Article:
Institute for Clinical and Translational Science
Complement protein C1q directs macrophage polarization and limits inflammasome activity during the uptake of apoptotic cells.
- Author(s): Benoit, Marie E
- Clarke, Elizabeth V
- Morgado, Pedro
- Fraser, Deborah A
- Tenner, Andrea J
- et al.
Published Web Locationhttp://www.ncbi.nlm.nih.gov/pmc/articles/PMC3358549/pdf/nihms366143.pdf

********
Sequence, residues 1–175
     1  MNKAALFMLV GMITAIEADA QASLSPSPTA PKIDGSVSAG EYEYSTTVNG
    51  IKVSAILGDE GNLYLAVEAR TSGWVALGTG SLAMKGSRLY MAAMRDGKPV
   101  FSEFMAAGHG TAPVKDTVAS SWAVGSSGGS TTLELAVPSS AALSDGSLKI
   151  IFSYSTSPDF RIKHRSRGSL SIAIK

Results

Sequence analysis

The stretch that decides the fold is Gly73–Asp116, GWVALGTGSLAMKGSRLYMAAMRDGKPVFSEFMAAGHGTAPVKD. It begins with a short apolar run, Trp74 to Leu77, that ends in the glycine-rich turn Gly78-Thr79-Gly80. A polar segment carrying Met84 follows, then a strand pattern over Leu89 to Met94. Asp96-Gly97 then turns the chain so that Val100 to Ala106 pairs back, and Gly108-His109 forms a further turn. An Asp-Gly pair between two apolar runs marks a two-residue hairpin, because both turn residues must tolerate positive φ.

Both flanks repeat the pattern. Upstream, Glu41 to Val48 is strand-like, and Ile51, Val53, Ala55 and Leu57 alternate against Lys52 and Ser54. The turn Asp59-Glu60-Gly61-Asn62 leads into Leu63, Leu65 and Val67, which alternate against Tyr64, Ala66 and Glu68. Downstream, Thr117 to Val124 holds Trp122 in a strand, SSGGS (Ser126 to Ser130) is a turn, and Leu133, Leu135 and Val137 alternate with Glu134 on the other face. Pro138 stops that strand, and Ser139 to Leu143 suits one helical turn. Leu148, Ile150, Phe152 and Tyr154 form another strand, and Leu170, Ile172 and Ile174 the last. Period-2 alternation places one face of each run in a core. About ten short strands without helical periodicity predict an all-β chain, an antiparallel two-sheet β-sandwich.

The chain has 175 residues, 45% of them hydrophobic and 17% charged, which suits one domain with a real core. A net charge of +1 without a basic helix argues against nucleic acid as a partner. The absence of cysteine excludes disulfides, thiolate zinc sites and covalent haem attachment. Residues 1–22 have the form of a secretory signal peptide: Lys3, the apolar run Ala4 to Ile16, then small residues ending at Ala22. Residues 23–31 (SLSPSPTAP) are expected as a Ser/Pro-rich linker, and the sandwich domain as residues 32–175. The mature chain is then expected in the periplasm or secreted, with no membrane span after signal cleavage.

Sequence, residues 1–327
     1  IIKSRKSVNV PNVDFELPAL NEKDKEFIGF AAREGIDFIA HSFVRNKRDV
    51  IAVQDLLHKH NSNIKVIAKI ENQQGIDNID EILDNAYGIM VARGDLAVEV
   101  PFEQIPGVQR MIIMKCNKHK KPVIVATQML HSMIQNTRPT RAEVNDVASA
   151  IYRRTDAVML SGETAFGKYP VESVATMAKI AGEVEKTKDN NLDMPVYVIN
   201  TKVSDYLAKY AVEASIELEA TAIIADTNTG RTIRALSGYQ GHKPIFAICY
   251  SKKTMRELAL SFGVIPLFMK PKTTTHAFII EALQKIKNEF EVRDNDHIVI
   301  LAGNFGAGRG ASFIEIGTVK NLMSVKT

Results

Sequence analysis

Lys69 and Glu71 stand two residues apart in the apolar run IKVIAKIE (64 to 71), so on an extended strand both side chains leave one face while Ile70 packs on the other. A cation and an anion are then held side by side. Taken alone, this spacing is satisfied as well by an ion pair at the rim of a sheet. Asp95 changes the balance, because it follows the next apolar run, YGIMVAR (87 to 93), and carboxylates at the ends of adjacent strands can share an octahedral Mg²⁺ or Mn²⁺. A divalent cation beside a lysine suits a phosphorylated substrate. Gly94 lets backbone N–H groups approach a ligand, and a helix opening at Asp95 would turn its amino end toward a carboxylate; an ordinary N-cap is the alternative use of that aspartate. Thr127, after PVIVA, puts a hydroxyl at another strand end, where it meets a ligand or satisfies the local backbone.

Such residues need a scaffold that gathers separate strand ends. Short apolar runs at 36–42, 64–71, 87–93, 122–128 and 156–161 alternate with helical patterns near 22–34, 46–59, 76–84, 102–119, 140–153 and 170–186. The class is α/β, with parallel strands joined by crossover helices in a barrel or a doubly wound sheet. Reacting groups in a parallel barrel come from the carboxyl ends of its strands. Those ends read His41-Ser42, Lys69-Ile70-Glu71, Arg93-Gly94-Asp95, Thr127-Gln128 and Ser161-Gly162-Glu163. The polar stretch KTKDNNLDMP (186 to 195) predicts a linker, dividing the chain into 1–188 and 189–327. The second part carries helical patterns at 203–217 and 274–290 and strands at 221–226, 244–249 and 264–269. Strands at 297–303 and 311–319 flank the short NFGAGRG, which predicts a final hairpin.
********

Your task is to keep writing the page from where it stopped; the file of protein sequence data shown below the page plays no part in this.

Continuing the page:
Deficiency in C1q, the recognition component of the classical complement cascade and a pattern recognition receptor involved in apoptotic cell clearance, leads to lupus-like autoimmune diseases characterized by auto-antibodies to self proteins and aberrant innate immune cell activation likely due to impaired clearance of apoptotic cells. In this study, we developed an autologous system using primary human lymphocytes and human monocyte-derived macrophages (HMDMs) to characterize the effect of C1q on macrophage gene expression profiles during the uptake of apoptotic cells. C1q bound to autologous apoptotic lymphocytes modulated expression of genes associated with JAK/STAT signaling, chemotaxis, immunoregulation, and NLRP3 inflammasome activation in LPS-stimulated HMDMs. Specifically, C1q sequentially induced type I IFNs, IL-27, and IL-10 in LPS-stimulated HMDMs and IL-27 in HMDMs when incubated with apoptotic lymphocyte conditioned media. Coincubation with C1q tails prevented the induction of type I IFNs and IL-27 in a dose-dependent manner, and neutralization of type I IFNs partially prevented IL-27 induction by C1q. Finally, C1q decreased procaspase-1 cleavage and caspase-1-dependent cleavage of IL-1β suggesting a potent inhibitory effect of C1q on inflammasome activation. These results identify specific molecular pathways induced by C1q to suppress macrophage inflammation and provide potential therapeutic targets to control macrophage polarization and thus inflammation and autoimmunity.